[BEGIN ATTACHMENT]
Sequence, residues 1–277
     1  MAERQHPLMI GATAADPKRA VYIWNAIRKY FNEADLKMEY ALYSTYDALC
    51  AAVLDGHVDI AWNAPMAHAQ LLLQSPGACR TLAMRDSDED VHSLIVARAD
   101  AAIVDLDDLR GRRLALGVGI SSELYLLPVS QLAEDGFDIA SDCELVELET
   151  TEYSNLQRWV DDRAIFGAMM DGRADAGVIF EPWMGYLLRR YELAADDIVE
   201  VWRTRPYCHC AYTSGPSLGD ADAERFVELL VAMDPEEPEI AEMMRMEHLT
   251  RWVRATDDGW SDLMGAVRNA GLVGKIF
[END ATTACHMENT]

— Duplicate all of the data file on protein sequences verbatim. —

Sequence, residues 1–277
     1  MAERQHPLMI GATAADPKRA VYIWNAIRKY FNEADLKMEY ALYSTYDALC
    51  AAVLDGHVDI AWNAPMAHAQ LLLQSPGACR TLAMRDSDED VHSLIVARAD
   101  AAIVDLDDLR GRRLALGVGI SSELYLLPVS QLAEDGFDIA SDCELVELET
   151  TEYSNLQRWV DDRAIFGAMM DGRADAGVIF EPWMGYLLRR YELAADDIVE
   201  VWRTRPYCHC AYTSGPSLGD ADAERFVELL VAMDPEEPEI AEMMRMEHLT
   251  RWVRATDDGW SDLMGAVRNA GLVGKIF